The Honduran police broke down the door of a radio station and arrested journalist David Romero, who is known for being a strong critic of President Juan Orlando Hernandez.
Romero, the director of Radio Globo, had taken refuge in the radio station’s offices after a court made public its decision to arrest him for a defamation conviction.
In 2016, Romero was given a 10-year prison sentence after he was convicted on several counts of defamation for his reporting on the wife of a former attorney general. Honduras’ Supreme Court rejected Romero’s bid for a new trial earlier this year.
According to Presidency Minister Ebal Diaz, the police were unable to capture Romero because he had barricaded himself inside the radio station, so they decided to raid the premises to execute the court order.
Local media footage shows a group of elite police agents violently breaking into Radio Globo, knocking down doors, and searching offices until they found Romero, who was then transferred to the Tamara prison on the outskirts of Tegucigalpa.
Despite the efforts of Romero’s supporters, who had been demonstrating outside of the radio station for days, they were unable to prevent his arrest.
As Romero was forced into a police vehicle, he made a statement saying,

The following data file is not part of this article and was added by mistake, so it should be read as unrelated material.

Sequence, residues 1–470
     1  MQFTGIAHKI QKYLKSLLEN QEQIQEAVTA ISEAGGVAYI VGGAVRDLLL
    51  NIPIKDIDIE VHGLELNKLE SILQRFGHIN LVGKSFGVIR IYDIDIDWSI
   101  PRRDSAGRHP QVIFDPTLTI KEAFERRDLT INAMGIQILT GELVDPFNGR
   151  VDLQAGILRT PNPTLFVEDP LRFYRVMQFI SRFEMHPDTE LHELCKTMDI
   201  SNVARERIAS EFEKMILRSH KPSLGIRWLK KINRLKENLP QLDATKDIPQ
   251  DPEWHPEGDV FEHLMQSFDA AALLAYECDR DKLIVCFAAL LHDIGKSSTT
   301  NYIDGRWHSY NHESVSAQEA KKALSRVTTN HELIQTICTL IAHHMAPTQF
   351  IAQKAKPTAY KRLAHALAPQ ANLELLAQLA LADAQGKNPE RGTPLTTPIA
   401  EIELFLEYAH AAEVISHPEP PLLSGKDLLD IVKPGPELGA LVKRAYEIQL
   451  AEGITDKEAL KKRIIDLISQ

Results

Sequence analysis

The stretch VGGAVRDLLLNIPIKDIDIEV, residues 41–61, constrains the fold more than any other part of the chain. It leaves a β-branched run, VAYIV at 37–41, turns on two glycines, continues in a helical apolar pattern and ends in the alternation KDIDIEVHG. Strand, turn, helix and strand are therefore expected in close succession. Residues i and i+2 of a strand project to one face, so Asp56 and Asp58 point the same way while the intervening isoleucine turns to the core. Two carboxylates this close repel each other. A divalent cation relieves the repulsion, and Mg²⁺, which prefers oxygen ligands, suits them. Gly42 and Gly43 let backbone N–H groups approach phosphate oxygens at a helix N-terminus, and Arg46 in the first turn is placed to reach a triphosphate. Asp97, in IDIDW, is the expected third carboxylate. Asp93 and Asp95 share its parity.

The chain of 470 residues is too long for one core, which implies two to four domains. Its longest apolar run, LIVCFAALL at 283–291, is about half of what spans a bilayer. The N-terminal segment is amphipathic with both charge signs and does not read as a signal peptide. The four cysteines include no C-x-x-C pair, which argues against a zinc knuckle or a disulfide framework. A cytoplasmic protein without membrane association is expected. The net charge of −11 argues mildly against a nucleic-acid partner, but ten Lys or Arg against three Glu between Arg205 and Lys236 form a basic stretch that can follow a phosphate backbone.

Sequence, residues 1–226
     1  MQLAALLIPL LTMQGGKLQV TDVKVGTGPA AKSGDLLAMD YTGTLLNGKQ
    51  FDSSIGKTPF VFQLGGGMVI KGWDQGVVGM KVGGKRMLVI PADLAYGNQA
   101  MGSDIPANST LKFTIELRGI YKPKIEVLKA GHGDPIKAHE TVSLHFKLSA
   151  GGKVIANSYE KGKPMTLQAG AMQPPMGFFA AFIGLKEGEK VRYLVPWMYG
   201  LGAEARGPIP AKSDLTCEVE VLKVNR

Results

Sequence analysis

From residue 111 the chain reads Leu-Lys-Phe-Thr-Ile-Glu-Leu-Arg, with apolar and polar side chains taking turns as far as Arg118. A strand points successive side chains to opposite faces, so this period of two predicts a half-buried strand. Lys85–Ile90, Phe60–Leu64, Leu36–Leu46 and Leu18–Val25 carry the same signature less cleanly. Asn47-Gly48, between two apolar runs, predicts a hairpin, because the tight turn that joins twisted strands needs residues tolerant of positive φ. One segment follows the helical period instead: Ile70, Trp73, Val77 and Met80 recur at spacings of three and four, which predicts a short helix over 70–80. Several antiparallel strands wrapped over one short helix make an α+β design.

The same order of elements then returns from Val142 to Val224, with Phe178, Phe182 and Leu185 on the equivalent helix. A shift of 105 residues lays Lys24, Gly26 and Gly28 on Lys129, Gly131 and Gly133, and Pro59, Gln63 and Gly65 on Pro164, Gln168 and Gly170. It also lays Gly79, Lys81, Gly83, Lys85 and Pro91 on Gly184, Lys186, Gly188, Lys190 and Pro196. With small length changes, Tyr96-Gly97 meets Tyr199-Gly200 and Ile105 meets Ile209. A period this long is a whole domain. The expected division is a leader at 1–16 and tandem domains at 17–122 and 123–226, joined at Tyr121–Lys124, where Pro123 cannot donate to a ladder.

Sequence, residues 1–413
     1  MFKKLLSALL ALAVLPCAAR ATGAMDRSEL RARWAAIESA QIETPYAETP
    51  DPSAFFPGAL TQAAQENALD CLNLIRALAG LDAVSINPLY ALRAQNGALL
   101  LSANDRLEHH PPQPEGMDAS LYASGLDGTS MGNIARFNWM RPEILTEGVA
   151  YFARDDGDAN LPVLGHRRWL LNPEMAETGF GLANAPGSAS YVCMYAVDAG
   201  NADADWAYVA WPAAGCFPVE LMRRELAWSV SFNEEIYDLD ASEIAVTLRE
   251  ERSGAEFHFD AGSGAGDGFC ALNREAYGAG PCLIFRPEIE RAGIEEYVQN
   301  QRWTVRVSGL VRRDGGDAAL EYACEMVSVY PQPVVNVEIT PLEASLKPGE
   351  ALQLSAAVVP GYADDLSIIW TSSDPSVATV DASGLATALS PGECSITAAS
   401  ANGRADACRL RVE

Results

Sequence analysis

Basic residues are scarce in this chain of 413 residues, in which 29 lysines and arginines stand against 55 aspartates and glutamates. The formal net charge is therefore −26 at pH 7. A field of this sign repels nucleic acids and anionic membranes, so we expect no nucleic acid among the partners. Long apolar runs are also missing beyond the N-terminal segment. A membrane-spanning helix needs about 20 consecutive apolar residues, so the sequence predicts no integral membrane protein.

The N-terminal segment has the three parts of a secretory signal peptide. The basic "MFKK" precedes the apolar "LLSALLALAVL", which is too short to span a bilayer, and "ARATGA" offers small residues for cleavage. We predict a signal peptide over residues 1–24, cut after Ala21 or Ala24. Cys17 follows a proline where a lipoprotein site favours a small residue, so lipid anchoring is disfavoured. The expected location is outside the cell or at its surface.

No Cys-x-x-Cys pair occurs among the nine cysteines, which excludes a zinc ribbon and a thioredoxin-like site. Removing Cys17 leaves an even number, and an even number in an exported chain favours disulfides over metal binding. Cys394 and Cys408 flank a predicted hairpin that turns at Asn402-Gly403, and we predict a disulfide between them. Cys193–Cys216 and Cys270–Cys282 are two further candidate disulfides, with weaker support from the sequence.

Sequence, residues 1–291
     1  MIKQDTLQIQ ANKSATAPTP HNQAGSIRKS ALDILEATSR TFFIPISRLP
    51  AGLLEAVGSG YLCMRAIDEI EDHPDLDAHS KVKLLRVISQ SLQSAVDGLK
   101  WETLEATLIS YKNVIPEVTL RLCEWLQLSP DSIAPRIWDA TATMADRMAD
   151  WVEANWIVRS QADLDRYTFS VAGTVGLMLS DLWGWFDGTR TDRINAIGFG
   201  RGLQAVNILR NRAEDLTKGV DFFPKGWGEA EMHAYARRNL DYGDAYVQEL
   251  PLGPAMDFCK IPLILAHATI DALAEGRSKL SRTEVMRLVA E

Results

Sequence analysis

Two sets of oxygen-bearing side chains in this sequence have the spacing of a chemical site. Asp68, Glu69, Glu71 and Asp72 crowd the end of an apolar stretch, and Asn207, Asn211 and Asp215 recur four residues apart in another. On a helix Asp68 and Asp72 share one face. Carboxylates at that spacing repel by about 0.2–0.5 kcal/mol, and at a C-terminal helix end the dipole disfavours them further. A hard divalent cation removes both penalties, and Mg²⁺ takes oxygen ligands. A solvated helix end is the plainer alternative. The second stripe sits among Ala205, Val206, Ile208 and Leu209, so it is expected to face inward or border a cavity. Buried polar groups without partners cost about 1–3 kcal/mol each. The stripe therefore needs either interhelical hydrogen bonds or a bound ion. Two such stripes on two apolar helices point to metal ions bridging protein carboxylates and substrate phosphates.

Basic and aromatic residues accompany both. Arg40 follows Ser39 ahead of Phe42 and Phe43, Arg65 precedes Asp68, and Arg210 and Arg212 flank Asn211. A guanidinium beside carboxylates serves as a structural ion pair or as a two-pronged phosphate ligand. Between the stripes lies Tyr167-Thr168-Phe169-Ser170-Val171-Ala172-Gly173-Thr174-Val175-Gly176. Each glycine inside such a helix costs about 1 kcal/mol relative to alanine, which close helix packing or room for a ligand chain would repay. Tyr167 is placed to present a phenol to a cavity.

“I know they can kill me and, if that happens, the person responsible is the President.”
Honduras’ constitution guarantees its citizens the right to honor, and defamation is considered a crime against a person’s honor.
The Honduras-based Committee for Freedom of Expression has counted 41 criminal cases related to crimes against honor since 2003, including 13 targeting journalists.
The committee stated that these cases and the disproportionate sentences “have the effect of intimidation and self-censorship.” They have called for the decriminalization of such acts.
Romero had repeatedly denounced Hernandez and his family, accusing them of involvement in corruption and drug trafficking.
In response to Romero’s arrest, the Committee to Protect Journalists has asked the Honduran government to suspend the sentence against Romero and urged them to repeal laws that restrict press freedom.
The case of David Romero highlights the ongoing issues of press freedom and freedom of expression in Honduras.
The use of defamation laws as a tool to silence critical voices and the disproportionate sentences given to journalists are a cause for concern.
The Committee for Freedom of Expression and the Committee to Protect Journalists have both called for the decriminalization of such acts and for laws that restrict press freedom to be repealed.